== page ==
Tax the robots? “No way,” says EU official tasked with preparing Europe for a digital future

Should we treat work done by robots like work done by humans? No, says Andrus Ansip.
Should we treat work done by robots like work done by humans? No, says Andrus Ansip.
Image: REUTERS/Paulo Whitaker
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The leader of the EU initiative tasked with preparing Europe’s workforce for changing jobs doesn’t think that taxing robots is a good idea.

As machines take on more human work, at least some human workers will lose their jobs. Bill Gates has proposed a simple solution for this conundrum: Governments should tax robot workers’ productivity in the same way they tax human workers.

In a February interview with Quartz, Gates argued that governments could use the revenue to fund social safety-net programs and support jobs that still require human empathy and understanding.

Andrus Ansip, the EU Commissioner in charge of the push for streamlined digital regulations across Europe, including initiatives to equip workers with digital skills, discussed the robot tax at a conference in Vienna on Thursday. His opinion was clear.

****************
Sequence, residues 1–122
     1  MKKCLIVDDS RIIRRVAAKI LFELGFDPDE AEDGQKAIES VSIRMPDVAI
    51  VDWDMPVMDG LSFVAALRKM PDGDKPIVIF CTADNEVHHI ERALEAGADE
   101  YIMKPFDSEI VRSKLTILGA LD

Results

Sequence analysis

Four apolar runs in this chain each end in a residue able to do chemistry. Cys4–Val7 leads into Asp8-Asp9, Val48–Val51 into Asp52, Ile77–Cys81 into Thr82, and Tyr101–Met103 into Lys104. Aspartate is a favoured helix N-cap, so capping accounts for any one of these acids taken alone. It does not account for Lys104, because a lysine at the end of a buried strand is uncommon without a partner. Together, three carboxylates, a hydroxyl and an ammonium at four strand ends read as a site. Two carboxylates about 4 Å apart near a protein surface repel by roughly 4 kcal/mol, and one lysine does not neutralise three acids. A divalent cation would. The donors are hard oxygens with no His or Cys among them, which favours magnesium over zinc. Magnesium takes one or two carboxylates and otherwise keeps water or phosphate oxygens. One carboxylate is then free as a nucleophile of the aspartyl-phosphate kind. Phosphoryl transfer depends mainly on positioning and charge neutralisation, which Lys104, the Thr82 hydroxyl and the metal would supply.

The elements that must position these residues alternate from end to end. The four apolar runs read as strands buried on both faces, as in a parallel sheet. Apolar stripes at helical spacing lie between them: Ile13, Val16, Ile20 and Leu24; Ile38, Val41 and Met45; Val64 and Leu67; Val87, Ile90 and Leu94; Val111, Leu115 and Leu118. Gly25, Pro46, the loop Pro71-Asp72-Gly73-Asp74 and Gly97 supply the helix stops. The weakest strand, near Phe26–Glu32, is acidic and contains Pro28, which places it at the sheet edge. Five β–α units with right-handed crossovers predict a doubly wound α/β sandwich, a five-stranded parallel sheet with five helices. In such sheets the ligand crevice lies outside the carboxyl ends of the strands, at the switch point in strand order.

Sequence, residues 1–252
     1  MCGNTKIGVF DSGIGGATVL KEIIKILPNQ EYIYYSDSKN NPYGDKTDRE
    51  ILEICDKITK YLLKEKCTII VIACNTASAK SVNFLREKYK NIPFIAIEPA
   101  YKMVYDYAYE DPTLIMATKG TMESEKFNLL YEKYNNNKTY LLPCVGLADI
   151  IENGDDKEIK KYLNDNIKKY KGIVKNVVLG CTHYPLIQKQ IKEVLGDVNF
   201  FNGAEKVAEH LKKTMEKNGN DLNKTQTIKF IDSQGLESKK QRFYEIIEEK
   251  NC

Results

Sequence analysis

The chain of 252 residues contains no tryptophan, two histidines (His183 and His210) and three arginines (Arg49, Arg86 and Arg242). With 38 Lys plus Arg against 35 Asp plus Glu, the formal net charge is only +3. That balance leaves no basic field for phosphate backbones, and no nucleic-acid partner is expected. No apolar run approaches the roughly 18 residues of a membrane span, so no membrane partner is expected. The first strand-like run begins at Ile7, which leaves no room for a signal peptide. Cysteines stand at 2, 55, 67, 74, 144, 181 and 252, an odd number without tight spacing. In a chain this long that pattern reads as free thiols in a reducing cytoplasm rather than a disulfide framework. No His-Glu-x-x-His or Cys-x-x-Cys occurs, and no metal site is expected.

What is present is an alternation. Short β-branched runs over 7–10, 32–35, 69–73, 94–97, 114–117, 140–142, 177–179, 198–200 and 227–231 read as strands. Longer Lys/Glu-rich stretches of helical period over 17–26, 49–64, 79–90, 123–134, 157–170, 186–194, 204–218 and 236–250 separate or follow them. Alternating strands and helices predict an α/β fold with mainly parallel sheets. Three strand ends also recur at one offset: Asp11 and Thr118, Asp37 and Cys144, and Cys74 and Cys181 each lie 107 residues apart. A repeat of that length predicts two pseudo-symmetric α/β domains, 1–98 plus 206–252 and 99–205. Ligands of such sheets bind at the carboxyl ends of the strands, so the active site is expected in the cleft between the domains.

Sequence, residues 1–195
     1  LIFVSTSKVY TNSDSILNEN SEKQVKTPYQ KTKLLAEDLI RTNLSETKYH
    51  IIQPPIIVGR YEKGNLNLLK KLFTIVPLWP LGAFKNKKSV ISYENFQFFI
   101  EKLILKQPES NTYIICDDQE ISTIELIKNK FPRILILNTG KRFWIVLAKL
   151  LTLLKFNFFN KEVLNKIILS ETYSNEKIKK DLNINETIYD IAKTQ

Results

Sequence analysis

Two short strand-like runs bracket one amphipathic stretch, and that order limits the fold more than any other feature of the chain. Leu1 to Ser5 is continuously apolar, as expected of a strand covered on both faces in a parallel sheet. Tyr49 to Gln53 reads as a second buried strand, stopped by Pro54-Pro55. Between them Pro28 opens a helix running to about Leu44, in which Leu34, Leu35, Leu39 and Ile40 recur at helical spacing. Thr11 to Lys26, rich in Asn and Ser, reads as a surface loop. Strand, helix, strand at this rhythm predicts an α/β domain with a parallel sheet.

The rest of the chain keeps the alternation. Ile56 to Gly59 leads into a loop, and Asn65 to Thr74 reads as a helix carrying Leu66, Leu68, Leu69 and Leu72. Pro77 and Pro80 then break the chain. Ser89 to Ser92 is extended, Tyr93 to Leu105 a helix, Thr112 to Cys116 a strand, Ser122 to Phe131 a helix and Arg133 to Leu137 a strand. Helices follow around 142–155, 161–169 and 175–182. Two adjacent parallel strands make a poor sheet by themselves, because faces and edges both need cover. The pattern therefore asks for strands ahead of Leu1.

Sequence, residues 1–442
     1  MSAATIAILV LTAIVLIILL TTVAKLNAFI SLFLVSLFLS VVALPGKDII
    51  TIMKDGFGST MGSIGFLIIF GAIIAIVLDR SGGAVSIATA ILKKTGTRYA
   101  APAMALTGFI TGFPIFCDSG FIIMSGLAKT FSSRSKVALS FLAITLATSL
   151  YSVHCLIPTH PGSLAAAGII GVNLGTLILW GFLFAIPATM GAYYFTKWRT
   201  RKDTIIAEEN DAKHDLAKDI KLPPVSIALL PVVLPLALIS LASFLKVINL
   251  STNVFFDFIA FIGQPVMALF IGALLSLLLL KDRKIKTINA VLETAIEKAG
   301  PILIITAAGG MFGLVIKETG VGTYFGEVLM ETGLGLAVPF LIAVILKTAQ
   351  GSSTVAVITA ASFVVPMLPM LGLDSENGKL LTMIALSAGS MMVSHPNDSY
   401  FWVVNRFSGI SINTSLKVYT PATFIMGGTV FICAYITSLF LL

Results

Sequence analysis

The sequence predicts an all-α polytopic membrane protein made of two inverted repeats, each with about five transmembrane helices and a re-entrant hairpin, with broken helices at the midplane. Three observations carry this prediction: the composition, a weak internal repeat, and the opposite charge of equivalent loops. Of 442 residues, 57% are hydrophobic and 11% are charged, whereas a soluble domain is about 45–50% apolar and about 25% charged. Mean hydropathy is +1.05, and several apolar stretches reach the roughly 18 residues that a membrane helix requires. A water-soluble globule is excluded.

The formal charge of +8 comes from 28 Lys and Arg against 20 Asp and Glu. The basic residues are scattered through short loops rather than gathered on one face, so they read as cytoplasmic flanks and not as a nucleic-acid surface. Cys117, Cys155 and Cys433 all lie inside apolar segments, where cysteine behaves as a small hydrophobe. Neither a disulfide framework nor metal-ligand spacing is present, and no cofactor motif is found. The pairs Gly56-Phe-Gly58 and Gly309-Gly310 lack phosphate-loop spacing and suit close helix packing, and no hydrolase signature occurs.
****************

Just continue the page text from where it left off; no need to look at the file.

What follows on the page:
“No way, no way,” he said, according to CNBC, when asked whether he would support the robot tax.

Ansip said that he didn’t think it was appropriate to “tax progress” and that doing so would discourage automation technologies from staying and innovating in Europe. “I fully agree that we have to tax bad habits, for example pollution, or smoking, or drinking alcoholic drinks, this I can understand,” he said. The EU considered and rejected a proposed robot tax in February.

The robot tax idea has so far found few supporters, but a growing handful of outspoken detractors. In March, US economist Larry Summers wrote in an op-ed that a robot tax would be difficult to administer, because it is not clear how to classify a “robot” and that “a sufficiently high tax on robots would prevent them from being produced.”

Summers and Ansip both agree that the employment shifts caused by technological automation need to be addressed. Though Ansip said during the panel discussion in Vienna that “progress [has] always created more jobs than progress used to destroy,” he also acknowledged that increased automation will mean “a lot of people will lose their jobs.”

The effort Ansip favors for addressing those losses is more familiar than the idea of a robot tax. As many generations have proposed when faced with the possibilities of machines taking their jobs, he’s betting on reskilling and education that prepares workforces for new jobs that may be created as others are eliminated. “Our municipalities, national parliaments, the European Union and also entrepreneurs, business people need to provide skills to those people who will lose their jobs,” he said.